The ONLY way you get from that complete shattering into infinite depths of inescapable darkness to the kind of crystallized joy depicted of the disciples in “Risen” within a couple of days of the resurrection is by a mighty work of the Spirit that shook the very foundations of the building in which they prayed at Pentecost!

Again, my basic point here is that there is no contextually embodied and coherent story told of the mighty work of God in the world. Of course, that very much means that the film itself is not an embodiment of such a story, either.


The reason I don’t hail “Risen,” then, is because I couldn’t participate in the action. There was no real action in which to participate. Despite its being a story (supposedly) about Jesus, I found myself sitting on the bench on the sidelines of whatever other story it was that was being told.

I would think that if you wanted to make a story about the confrontation that occurs when the arm of Caesar is confronted by the powerful presence of Jesus but, in the end, can’t take Him seriously, then you would want to write “Hail Caesar.“ Instead, “Risen” manages to write the same story while avoiding the confrontation and still not taking Jesus seriously.

Thursday, March 03, 2016

Fire in the Presence of God

10 But the day of the Lord will come like a thief, and then the heavens will pass away with a roar, and the heavenly bodies[b] will be burned up and dissolved, and the earth and the works that are done on it will be exposed.[c]
11 Since all these things are thus to be dissolved, what sort of people ought you to be in lives of holiness and godliness, 12 waiting for and hastening the coming of the day of God, because of which the heavens will be set on fire and dissolved, and the heavenly bodies will melt as they burn! 13 But according to his promise we are waiting for new heavens and a new earth in which righteousness dwells.

- from 2 Peter 3

I discussed those verses previously in talking about the ACTING OUT of the covenant, of covenant MAKING.

I ended the last post of this series with two references to the covenant. One, in the context of “Where I am, there you will be also,” was, “And you know the way where I am going.” The other reference to the covenant was 2 Peter 3: 12, about the disappearance of the heavens and the earth.

Everyone knows that a covenant is an agreement between two parties, much like a contract. What gets missed, however, is that a covenant is between two members of what is to become a newly unified body. As an extension of this lack of understanding of the forming of a BODY in a covenant, we often don’t realize that the Hebrew word used for covenant comes from the Hebrew root meaning “to cut” (reference HERE). In practice, an animal was cut into pieces - apparently, based on GENESIS 15, into halves - and the two halves of the animal were passed between by the two parties of the covenant being “cut.” As discussed previously HERE in this series, this means that ancient covenants were, prior to the dawn of speculative thought and, in this case, prior to the earliest known phonetic alphabets!, ACTED OUT. The cutting up of animals was the acting out of the death of an old body or bodies, the bodies both of the symbolic sacrifice and of the actual or concrete party or parties in the agreement. The shedding of blood was the loss of the flow of life, and the acting out of the covenant, then, was the acting out of a new state of things, of new living. In some cases, such as in EXODUS 24: 8, the parties participating in the acting out of the new living were covered in the life blood of it.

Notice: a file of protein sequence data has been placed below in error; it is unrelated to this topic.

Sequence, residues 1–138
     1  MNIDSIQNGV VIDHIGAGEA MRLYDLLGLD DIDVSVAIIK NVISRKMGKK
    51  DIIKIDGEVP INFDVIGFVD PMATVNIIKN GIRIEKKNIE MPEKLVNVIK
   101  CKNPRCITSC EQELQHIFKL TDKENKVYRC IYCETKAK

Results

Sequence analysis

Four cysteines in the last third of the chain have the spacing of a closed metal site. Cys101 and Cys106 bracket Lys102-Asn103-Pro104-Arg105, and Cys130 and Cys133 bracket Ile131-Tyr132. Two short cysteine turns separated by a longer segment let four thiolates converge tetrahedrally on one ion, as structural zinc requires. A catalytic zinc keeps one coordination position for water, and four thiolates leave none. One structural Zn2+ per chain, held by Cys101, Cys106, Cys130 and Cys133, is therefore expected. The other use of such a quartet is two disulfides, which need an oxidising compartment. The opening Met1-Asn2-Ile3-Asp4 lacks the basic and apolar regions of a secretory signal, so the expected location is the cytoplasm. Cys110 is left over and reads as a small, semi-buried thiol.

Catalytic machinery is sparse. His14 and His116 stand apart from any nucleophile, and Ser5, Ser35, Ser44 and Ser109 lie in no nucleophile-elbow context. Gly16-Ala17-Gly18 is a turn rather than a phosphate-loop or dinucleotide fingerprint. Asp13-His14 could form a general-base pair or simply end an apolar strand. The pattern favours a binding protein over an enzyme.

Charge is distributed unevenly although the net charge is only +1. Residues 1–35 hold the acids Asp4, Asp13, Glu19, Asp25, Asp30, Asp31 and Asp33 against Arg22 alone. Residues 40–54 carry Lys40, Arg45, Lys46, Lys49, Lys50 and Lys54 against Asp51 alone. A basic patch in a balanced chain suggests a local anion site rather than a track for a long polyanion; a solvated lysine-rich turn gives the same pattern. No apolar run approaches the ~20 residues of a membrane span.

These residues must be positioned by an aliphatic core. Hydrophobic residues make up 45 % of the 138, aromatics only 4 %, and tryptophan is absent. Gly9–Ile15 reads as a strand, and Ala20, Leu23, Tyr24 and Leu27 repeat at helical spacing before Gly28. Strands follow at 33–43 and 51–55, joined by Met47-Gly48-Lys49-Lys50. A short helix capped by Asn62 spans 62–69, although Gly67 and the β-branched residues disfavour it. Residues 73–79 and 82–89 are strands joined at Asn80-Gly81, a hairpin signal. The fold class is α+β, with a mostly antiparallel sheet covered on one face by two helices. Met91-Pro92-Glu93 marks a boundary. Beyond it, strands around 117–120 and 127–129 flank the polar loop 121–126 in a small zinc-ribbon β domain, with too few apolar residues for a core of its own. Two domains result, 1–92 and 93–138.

And, as in Leviticus 16: 20-22 and Leviticus 4: 13-21, it is also important that the animal being cut is chosen from the flock of one of the agreeing MEMBERS of the covenant. Just as “technologies are the extensions of man” (previously discussed HERE in the second post of this series), so also are his possessions. This is why, “where your treasure is, there your heart will be also.” It is also why we will “receive our inheritance” in the parousia. We are His possessions, so we will be joined to Him fully in life eternal. Anyway, just as the sins of the people are extended to the scapegoat and sacrificial bull when the goat or bull from their flocks is laid upon by the hands of the priest, the life and being of the MEMBERS of the covenant are PRESENT in the sacrificed animal as it is cut. The blood of the animal is theirs, and, as such, what happens to it is an acting out of the fact that the members of the agreement “mean business.” In actuality, the cutting is what gives meaning to the business in the first place.